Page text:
Friday, September 4, 2009

The Prisoner

The Prisoner is a 17-episode British television series broadcast in the UK from 29 September 1967 to 1 February 1968. Starring and co-created by Patrick McGoohan, it combined spy fiction with elements of science fiction, allegory, and psychological drama.

The series follows an unnamed British agent who abruptly resigns his job, and then finds himself held captive in a mysterious seaside "village" that is isolated from the mainland by mountains and sea. The Village is further secured by numerous monitoring systems and security forces, including a mysterious device called Rover that captures those that attempt escape. The agent encounters the Village's population, hundreds of people from all walks of life and cultures, all seeming to be tranquilly living out their lives; as they do not use names, they have each been assigned a number, related to their importance in the Village's power structure.

The agent is told by the Village authority he is "Number Six", and they are seeking "information" as to why he resigned; the task of doing this is carried by the ever-changing "Number Two", acting as the Village' chief administrator and proxy to the unseen "Number One". Number Six, distrusting of anyone involved with the Village, refuses to give such answers while at the same time trying to learn for which side the Village works under, remaining defiant to authority while concocting his own plans to escape or learn more about the Village. Some of his schemes, while not resulting in an escape, do lead to the dismissal of a reigning Number Two on two occasions. At the end of the series, the administration becomes desperate for Number Six' information, and follow more drastic measures that threaten the lives of Number Six, Number Two, and the rest of the Village.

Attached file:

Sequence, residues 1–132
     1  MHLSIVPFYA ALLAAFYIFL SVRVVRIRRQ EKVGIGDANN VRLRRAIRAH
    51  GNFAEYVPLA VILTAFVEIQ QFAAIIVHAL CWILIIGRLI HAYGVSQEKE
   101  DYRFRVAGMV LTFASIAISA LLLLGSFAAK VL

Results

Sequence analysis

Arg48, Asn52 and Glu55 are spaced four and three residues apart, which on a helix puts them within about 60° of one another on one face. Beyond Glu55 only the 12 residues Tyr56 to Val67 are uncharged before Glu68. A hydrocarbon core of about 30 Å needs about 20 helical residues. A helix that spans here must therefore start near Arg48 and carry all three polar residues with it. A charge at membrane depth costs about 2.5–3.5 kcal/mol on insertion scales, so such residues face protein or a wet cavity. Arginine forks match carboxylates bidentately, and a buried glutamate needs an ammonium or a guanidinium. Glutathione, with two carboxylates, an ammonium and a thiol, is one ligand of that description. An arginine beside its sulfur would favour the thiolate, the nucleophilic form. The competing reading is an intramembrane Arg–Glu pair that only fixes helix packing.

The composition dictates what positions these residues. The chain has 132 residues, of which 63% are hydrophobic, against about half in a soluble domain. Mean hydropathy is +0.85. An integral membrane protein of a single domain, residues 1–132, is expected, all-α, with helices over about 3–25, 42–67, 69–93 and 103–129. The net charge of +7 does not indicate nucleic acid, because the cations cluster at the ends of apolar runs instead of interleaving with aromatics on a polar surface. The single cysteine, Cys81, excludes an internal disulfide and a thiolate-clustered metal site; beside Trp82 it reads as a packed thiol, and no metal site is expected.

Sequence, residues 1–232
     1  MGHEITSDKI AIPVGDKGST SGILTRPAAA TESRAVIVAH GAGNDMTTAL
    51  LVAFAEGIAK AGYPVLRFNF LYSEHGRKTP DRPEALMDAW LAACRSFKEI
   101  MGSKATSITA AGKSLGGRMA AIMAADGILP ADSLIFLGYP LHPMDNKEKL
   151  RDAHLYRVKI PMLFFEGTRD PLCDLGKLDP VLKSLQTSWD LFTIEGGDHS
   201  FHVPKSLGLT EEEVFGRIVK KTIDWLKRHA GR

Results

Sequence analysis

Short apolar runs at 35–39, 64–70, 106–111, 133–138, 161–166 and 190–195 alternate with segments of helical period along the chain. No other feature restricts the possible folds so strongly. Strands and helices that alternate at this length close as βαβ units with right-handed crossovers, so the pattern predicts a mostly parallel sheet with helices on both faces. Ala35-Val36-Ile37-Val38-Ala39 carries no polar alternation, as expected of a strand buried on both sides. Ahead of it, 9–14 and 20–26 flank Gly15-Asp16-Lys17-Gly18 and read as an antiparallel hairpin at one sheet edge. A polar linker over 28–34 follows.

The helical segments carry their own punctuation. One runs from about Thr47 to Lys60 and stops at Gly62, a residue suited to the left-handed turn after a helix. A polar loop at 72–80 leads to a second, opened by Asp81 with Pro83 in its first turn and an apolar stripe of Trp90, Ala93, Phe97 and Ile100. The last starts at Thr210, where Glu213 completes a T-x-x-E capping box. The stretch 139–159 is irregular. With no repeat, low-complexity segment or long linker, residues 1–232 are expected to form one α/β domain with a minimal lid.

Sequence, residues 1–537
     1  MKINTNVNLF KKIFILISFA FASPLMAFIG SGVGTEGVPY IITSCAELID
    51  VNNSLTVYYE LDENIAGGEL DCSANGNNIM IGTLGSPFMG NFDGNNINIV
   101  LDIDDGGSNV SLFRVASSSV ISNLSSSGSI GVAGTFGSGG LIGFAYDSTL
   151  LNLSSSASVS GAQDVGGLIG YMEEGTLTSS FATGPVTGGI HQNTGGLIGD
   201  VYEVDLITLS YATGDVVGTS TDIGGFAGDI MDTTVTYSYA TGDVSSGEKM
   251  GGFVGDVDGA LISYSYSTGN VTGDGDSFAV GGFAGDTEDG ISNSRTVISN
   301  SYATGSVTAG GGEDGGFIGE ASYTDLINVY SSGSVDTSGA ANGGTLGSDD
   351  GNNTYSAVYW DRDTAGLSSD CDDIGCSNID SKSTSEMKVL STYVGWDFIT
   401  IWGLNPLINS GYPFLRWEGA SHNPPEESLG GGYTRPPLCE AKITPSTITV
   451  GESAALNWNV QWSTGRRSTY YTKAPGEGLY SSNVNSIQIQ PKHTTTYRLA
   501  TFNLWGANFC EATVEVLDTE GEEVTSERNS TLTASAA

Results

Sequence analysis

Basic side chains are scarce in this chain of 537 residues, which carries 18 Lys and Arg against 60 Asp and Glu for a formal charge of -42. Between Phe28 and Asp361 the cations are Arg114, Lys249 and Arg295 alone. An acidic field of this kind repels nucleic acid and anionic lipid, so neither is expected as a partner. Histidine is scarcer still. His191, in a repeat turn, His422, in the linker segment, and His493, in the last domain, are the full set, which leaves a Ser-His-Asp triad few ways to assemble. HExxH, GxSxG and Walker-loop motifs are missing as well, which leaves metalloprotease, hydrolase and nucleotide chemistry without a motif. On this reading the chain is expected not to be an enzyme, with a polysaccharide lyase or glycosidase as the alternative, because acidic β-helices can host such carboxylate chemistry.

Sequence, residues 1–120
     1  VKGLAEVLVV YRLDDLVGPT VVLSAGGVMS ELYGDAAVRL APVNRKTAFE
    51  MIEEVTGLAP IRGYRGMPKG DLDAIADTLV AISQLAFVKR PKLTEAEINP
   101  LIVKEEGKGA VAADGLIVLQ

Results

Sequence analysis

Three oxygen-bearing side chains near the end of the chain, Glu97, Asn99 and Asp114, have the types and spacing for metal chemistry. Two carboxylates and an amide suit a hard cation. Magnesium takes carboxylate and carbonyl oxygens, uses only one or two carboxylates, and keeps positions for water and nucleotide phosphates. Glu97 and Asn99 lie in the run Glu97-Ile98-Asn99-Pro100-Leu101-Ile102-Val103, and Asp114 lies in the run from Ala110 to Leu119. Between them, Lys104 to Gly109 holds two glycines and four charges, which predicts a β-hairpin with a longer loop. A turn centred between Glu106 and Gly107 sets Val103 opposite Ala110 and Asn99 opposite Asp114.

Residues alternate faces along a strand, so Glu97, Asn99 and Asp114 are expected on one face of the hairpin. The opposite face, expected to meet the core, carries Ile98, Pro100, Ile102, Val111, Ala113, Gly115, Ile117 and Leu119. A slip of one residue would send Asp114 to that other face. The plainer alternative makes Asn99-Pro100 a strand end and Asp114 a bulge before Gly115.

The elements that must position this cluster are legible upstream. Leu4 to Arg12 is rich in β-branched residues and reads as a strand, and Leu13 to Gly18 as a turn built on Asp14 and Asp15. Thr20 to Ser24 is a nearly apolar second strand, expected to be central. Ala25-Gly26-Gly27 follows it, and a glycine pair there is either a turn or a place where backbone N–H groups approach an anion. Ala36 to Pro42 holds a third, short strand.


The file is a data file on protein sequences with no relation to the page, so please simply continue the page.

The series features striking and often surreal storylines, and themes include hypnosis, hallucinogenic drug experiences, identity theft, mind control, dream manipulation, and various forms of social indoctrination. A major theme is individualism versus collectivism.

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